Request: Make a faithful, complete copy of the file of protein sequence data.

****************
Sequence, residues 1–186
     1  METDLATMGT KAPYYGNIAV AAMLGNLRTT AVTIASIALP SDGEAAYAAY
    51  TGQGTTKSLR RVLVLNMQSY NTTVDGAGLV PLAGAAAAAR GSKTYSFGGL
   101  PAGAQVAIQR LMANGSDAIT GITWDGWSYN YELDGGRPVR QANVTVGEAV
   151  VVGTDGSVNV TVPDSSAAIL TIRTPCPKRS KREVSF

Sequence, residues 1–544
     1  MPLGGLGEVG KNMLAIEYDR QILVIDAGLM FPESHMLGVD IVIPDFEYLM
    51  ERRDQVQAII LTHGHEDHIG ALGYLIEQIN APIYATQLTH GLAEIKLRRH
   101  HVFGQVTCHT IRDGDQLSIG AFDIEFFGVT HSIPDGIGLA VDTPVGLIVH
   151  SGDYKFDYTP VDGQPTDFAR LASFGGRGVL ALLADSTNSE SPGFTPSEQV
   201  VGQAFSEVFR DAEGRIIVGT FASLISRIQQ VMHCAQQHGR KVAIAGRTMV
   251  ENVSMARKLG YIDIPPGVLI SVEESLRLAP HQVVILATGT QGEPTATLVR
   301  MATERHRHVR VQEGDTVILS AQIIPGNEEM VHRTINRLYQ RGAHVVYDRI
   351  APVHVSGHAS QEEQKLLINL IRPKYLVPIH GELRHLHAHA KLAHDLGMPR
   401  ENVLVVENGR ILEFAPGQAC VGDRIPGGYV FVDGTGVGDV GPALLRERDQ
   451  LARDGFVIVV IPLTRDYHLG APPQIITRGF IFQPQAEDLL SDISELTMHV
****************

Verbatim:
Sequence, residues 1–186
     1  METDLATMGT KAPYYGNIAV AAMLGNLRTT AVTIASIALP SDGEAAYAAY
    51  TGQGTTKSLR RVLVLNMQSY NTTVDGAGLV PLAGAAAAAR GSKTYSFGGL
   101  PAGAQVAIQR LMANGSDAIT GITWDGWSYN YELDGGRPVR QANVTVGEAV
   151  VVGTDGSVNV TVPDSSAAIL TIRTPCPKRS KREVSF

Sequence, residues 1–544
     1  MPLGGLGEVG KNMLAIEYDR QILVIDAGLM FPESHMLGVD IVIPDFEYLM
    51  ERRDQVQAII LTHGHEDHIG ALGYLIEQIN APIYATQLTH GLAEIKLRRH
   101  HVFGQVTCHT IRDGDQLSIG AFDIEFFGVT HSIPDGIGLA VDTPVGLIVH
   151  SGDYKFDYTP VDGQPTDFAR LASFGGRGVL ALLADSTNSE SPGFTPSEQV
   201  VGQAFSEVFR DAEGRIIVGT FASLISRIQQ VMHCAQQHGR KVAIAGRTMV
   251  ENVSMARKLG YIDIPPGVLI SVEESLRLAP HQVVILATGT QGEPTATLVR
   301  MATERHRHVR VQEGDTVILS AQIIPGNEEM VHRTINRLYQ RGAHVVYDRI
   351  APVHVSGHAS QEEQKLLINL IRPKYLVPIH GELRHLHAHA KLAHDLGMPR
   401  ENVLVVENGR ILEFAPGQAC VGDRIPGGYV FVDGTGVGDV GPALLRERDQ
   451  LARDGFVIVV IPLTRDYHLG APPQIITRGF IFQPQAEDLL SDISELTMHV